"Public bodies still need to learn lessons when funding small private sector firms", says Auditor General
The collapsed private enterprise agency, Cymad Cyf, did not manage effectively the £3.6 million public funding it received between 2003 and 2008 and could not account for some of this money awarded, according to a report published today by the Auditor General for Wales, Gillian Body.
Cymad, which was based in Gwynedd, went into liquidation in August 2009, owing the Welsh Assembly Government some £311,000 for rent and reclaimed European Union (EU) grant. It was a not-for-profit company, established in 1995, to assist the rural development of communities in Meirionydd and Dwyfor. It did so by running projects that were financed from public sources through specific grants or contracts, which were time-limited and had restrictions on how funds could be used.
Today's report found that some of the public funding that Cymad received had to be reclaimed because it did not comply with funding conditions. The public bodies which funded Cymad were the former National Council for Education and Training in Wales, the Welsh European Funding Office, the Welsh Language Board, Gwynedd Council, the former Welsh Development Agency, the Countryside Council for Wales, the Wales Tourist Board and the Welsh Assembly Government. There were serious deficiencies in Cymad's management of EU-funded projects but fewer problems on more straightforward non-European funded projects.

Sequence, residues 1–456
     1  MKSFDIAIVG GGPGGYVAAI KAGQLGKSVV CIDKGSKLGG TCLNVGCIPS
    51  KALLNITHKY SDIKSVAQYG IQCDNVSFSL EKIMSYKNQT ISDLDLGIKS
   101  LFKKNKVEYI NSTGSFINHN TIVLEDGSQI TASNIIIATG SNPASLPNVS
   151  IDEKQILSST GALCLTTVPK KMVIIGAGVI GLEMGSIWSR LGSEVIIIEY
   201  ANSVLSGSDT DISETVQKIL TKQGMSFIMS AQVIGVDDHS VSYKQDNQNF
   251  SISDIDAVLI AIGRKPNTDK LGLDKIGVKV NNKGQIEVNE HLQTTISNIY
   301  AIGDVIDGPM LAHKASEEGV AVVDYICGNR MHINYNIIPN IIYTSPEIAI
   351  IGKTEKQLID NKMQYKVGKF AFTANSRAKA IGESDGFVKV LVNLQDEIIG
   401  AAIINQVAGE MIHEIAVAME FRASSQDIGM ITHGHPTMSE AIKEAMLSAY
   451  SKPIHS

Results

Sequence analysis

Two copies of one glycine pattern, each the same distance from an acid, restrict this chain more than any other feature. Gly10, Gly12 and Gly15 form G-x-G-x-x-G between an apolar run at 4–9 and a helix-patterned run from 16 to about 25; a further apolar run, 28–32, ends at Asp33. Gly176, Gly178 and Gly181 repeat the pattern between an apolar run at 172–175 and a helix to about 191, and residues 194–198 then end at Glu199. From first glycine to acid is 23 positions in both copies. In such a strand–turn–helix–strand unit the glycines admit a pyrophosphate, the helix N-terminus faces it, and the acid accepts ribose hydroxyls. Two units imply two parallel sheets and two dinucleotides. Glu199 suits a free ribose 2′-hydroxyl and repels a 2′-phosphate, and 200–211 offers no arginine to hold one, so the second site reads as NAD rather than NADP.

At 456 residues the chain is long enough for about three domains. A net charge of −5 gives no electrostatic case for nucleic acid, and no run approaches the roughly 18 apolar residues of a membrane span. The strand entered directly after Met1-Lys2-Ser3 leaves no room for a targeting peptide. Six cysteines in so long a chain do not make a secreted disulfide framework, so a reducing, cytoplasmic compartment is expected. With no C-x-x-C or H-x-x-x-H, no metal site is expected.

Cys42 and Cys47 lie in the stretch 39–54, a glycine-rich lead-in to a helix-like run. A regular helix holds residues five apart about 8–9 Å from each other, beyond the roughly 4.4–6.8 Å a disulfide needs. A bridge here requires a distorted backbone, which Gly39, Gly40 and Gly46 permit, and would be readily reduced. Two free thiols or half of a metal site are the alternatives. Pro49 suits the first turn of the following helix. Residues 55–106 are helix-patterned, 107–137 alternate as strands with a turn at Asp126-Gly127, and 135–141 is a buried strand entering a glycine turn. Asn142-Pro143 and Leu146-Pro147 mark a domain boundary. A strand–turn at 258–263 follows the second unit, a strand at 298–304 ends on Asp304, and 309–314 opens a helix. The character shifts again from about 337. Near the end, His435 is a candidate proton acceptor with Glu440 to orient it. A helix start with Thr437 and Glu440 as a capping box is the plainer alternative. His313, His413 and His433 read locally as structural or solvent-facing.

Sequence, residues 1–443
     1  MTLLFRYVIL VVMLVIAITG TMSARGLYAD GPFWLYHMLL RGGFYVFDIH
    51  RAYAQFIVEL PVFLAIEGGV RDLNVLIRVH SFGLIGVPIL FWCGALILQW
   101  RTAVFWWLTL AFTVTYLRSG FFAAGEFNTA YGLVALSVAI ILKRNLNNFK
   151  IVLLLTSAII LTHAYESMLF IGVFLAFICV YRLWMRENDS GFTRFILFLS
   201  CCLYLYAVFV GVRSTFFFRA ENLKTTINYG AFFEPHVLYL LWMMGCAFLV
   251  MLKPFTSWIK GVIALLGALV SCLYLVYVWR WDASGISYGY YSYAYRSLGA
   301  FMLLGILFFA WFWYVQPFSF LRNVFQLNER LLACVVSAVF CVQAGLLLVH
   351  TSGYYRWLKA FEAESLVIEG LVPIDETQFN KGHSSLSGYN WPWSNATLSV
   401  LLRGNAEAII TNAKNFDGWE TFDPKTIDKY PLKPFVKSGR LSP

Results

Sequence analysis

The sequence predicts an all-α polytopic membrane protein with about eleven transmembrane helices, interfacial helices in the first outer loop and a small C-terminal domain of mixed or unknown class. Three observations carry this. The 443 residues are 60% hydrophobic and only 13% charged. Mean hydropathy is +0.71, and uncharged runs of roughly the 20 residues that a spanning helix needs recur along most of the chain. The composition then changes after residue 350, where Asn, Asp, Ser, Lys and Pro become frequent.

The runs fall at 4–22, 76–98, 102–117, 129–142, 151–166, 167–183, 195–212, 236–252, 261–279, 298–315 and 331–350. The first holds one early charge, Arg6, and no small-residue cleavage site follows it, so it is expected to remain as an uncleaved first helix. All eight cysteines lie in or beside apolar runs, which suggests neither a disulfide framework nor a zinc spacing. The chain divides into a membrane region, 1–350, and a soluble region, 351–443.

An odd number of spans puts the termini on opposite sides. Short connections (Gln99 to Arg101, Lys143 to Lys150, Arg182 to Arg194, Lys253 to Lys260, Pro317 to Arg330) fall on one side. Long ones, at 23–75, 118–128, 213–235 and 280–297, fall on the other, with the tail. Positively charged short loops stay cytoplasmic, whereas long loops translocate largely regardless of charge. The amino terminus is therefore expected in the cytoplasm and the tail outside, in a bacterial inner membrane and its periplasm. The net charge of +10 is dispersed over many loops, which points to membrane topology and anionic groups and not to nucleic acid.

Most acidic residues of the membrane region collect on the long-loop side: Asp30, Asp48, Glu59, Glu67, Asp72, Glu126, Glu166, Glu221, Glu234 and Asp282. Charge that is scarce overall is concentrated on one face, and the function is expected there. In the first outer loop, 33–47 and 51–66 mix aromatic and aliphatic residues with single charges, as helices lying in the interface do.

While there were serious deficiencies in Cymad's management of EU-funded projects, there was no evidence that funding was used fraudulently. The report points, instead, to a poor understanding of the stringent rules governing EU funding and weak financial management within the company. For the most part, Cymad delivered its projects effectively. But the demise of Cymad led to the loss of jobs at the company and prevented the completion of some projects.
The report concludes that the public bodies funding Cymad generally managed their payments effectively. However, there were some administrative weaknesses which meant that they did not become aware of the problems in Cymad until allegations were first made in 2006. While funding criteria and contracts were generally robust, the terms of contracts could have been stronger in places, especially to require the disclosure of suspected fraud by officials of Cymad.
Advance funding to Cymad was especially at risk due to poor management and financial controls. Procedures for checking up on how money was being used - such as the external audit of grant claims - were not always effective in alerting officials to problems. Public bodies also failed to share information effectively about the weaknesses they identified in Cymad's systems and controls.
Today's report makes seven recommendations for improvement, including:
Auditor for Wales, Gillian Body, said today:
"Every year, public bodies in Wales distribute large sums of money to small organisations in Wales. It is absolutely essential that these organisations have effective mechanisms in place to manage the risks of loss or misuse of taxpayers' money. And, it is particularly important that public bodies share information with each other about any weaknesses identified at those private sector organisations which are receiving public money."
Notes to Editors: